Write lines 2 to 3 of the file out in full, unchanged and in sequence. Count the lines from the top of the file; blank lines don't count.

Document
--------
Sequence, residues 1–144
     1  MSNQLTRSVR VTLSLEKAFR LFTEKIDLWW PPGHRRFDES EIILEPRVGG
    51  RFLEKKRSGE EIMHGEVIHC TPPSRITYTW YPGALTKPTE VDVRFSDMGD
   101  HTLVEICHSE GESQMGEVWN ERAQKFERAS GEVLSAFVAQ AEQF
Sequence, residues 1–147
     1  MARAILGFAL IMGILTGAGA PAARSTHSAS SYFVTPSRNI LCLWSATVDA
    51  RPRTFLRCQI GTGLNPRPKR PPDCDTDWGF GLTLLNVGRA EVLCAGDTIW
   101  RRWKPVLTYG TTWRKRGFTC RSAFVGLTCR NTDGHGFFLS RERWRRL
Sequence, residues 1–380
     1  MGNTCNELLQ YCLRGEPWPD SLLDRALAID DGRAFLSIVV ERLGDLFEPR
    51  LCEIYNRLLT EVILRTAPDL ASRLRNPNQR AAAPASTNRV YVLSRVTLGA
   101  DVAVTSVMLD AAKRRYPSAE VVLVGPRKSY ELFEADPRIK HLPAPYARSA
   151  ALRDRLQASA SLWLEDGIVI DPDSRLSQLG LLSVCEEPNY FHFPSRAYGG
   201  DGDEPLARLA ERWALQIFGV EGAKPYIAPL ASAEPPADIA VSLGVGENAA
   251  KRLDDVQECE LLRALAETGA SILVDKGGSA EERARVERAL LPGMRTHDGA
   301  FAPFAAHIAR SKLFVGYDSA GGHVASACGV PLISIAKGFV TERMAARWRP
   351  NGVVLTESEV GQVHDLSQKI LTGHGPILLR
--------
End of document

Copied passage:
     1  MSNQLTRSVR VTLSLEKAFR LFTEKIDLWW PPGHRRFDES EIILEPRVGG
    51  RFLEKKRSGE EIMHGEVIHC TPPSRITYTW YPGALTKPTE VDVRFSDMGD